For the Sandy tweets, in other words, it wasn’t as simple as “too soon” or “too late.” Instead, the humor seemed to depend on the threat level—subjects found the tweets funniest when there was not too much danger, but also not too little.
This may seem like a straightforward observation, but most of the major humor theories that have been posited over the millennia don’t easily explain the phenomenon McGraw tracked during the storm. If people laugh to feel superior to others, as Plato and Aristotle conjectured, or for psychic relief, as Sigmund Freud believed, the pattern would have been the opposite: The funniest ratings should have occurred at the time of greatest human misfortune and trauma. And if humor arises when there’s an incongruity between what people expect to happen and what actually happens, a popular theory first put forward by 17th-century French philosopher Blaise Pascal, participants should have rated the tweets equally funny throughout the experiment, since the incongruity of the tweets (a hurricane acting like a wiseass) never changed.
But the @AHurricaneSandy experiment’s results appear to fit with the benign violation theory of humor, developed by McGraw and Caleb Warren. According to the theory, humor arises when a concept seems wrong or threatening but is simultaneously OK or safe. Before the storm hit, the jokes were funny because Sandy wasn’t too threatening. At the height of the storm, the jokes were too much of a violation; that’s when people rated the tweets the most offensive. With the passage of time, the offensiveness faded and humor returned. Months later still, when most people had moved on with their lives, the concept wasn’t funny because it was merely benign. (Interestingly, it doesn’t appear that the subject of Sandy had simply gotten stale with time; participants also rated the tweets’ irrelevance, and these ratings didn’t skyrocket as humor ratings dropped.)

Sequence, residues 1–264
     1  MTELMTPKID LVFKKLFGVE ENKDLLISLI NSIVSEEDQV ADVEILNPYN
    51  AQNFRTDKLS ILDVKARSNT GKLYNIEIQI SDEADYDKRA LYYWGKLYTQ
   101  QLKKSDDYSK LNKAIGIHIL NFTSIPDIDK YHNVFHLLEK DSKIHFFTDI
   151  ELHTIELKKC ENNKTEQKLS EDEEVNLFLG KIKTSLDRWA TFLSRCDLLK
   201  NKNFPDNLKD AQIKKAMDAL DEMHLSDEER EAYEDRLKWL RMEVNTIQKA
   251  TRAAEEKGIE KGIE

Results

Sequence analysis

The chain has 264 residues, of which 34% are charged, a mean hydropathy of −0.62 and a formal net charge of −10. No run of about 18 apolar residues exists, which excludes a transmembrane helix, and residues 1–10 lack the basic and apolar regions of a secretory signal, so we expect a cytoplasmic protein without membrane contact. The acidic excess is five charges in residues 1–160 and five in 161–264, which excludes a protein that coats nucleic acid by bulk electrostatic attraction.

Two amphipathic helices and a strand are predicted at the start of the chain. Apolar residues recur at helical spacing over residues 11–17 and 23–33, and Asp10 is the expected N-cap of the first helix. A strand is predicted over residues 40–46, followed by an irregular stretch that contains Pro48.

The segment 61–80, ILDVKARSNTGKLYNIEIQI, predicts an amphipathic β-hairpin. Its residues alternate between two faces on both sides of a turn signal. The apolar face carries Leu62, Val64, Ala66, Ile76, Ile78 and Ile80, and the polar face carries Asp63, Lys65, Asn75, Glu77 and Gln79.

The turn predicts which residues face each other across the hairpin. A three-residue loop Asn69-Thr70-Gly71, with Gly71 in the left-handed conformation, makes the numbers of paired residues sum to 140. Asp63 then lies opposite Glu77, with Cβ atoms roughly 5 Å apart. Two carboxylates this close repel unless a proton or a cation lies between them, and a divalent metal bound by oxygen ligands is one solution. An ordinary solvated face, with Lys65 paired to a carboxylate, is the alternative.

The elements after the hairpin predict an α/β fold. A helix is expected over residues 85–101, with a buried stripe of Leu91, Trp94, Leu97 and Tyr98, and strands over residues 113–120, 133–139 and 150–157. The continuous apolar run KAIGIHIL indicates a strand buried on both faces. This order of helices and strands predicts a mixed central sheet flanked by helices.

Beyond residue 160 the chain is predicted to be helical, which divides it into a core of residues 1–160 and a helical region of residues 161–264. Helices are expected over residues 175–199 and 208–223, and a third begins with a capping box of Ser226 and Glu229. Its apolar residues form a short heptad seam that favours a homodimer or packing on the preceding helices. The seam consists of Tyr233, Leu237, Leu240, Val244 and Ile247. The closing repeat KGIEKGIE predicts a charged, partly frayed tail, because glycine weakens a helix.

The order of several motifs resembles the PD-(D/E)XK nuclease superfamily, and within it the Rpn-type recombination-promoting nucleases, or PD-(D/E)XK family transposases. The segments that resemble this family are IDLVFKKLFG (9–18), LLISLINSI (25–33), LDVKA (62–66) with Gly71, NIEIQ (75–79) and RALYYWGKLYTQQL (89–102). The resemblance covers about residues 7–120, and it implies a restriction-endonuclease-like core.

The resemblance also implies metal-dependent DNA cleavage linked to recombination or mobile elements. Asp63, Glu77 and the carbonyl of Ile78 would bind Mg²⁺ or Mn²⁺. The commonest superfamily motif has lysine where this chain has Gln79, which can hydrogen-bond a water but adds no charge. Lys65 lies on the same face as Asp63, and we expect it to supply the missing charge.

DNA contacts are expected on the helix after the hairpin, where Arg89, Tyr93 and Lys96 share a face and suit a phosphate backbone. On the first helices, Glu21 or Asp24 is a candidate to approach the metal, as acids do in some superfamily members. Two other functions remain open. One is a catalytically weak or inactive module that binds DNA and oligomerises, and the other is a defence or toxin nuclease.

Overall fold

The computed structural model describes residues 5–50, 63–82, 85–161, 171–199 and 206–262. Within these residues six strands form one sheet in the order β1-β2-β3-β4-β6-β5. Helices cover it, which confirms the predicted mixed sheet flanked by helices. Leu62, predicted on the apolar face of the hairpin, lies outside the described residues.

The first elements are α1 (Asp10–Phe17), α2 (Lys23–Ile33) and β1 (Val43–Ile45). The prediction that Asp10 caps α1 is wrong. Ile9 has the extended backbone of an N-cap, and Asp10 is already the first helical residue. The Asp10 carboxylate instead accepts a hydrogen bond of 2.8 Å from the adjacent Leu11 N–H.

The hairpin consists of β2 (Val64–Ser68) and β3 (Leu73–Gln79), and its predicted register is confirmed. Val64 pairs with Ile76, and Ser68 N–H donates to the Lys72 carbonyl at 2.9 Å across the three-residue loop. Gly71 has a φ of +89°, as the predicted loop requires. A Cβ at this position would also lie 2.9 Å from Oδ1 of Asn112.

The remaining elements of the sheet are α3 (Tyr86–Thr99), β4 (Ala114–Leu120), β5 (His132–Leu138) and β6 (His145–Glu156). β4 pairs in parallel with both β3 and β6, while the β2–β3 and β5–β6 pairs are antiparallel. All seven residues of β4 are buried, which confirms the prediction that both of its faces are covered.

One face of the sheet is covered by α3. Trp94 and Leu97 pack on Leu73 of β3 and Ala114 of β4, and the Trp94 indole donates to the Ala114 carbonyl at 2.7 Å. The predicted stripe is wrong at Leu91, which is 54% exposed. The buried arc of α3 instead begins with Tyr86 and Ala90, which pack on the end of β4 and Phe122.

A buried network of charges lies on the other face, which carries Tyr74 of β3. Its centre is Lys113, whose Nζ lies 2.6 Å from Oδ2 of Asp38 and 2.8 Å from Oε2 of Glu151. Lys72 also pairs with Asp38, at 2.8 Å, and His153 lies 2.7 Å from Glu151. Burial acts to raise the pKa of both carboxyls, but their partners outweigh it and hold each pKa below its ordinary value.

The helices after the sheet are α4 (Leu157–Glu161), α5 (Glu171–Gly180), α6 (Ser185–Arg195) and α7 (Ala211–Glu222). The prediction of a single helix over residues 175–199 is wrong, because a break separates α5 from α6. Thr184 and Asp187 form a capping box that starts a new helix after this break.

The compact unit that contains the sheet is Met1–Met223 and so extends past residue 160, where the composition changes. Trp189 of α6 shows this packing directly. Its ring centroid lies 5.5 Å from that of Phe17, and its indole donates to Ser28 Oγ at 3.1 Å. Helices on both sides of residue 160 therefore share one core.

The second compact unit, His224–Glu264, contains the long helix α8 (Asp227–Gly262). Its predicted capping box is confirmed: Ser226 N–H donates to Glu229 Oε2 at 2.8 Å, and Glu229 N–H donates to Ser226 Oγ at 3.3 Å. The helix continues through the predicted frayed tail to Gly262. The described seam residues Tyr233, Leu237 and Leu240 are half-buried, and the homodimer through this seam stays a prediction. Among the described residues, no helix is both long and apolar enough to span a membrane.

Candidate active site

The benign violation theory highlights the role of psychological distance in comedy: Not enough distance, and the joke offends; too much, and it bores. So how do you find that comedic sweet spot? Waiting for days, months, or even years before tackling a taboo subject is an obvious way to make a violation feel distant and therefore more benign. (South Park, for instance, declared in 2002 that AIDS was “finally funny.”) But as HuRL experiments have demonstrated, there are other ways to increase psychological distance besides simply waiting things out. In another study, participants read about a young woman who texted “Haiti” to donate $10 to a mobile charity program some 200 times—without realizing who would be footing the bill for her philanthropy: